Those three little words

I still remember the first time I said those three little words. Growing up in a loving Welsh family, I’d heard them said many times. But the first time they roll off your tongue will always be different. You try to choose your moment, but sometimes the words take you, and the listener, by surprise. If “I love you” are the three most important words in life, then “I don’t know” are the three most important in medicine. They’re also the most underused. Their power comes from admitting that doctors don’t, and can’t, know everything.


Some people should stop being screened for cancer. Convincing them isn’t always easy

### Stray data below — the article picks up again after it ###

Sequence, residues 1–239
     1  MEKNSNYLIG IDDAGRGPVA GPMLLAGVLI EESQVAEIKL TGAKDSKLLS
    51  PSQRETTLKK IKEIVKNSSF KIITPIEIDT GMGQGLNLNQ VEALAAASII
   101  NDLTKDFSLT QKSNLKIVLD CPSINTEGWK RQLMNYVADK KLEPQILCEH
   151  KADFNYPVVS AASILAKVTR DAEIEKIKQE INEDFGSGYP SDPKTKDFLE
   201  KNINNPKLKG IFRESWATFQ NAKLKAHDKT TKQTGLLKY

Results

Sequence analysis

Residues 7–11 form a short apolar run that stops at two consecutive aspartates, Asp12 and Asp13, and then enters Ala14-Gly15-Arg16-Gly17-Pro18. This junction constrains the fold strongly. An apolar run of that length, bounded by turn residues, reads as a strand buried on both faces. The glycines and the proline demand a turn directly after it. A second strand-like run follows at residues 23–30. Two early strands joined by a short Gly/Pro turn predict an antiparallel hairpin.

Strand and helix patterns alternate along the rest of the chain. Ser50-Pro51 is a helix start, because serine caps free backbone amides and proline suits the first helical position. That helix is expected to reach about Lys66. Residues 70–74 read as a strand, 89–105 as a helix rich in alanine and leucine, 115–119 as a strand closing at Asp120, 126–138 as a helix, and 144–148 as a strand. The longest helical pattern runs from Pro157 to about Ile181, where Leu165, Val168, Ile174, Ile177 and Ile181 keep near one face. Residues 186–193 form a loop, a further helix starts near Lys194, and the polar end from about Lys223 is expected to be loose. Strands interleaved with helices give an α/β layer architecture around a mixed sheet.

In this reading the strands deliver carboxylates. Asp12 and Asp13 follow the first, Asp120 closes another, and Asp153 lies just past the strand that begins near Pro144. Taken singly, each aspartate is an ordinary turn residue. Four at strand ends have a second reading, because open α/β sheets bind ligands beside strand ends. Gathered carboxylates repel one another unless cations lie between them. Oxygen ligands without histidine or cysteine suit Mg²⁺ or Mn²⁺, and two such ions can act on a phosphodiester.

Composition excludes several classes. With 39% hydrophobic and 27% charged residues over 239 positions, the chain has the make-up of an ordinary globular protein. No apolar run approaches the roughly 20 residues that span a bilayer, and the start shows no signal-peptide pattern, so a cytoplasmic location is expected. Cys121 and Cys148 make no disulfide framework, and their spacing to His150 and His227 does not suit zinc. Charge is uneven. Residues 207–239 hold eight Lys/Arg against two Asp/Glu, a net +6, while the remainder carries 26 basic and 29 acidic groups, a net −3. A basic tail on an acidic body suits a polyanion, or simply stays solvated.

The catch-cancer-early-save-a-life trope is a bit misleading: the benefit of some tests is smaller than I had initially thought. Say 1,000 women have biennial mammograms between the ages of 50 and 74. Those 12,000 mammograms would prevent seven deaths from breast cancer. Yearly PSA testing among 1,000 men between the ages of 55 and 69 would lead to one to two fewer deaths from prostate cancer. Yet many of these patients are wary when I broach the idea of stopping screening. More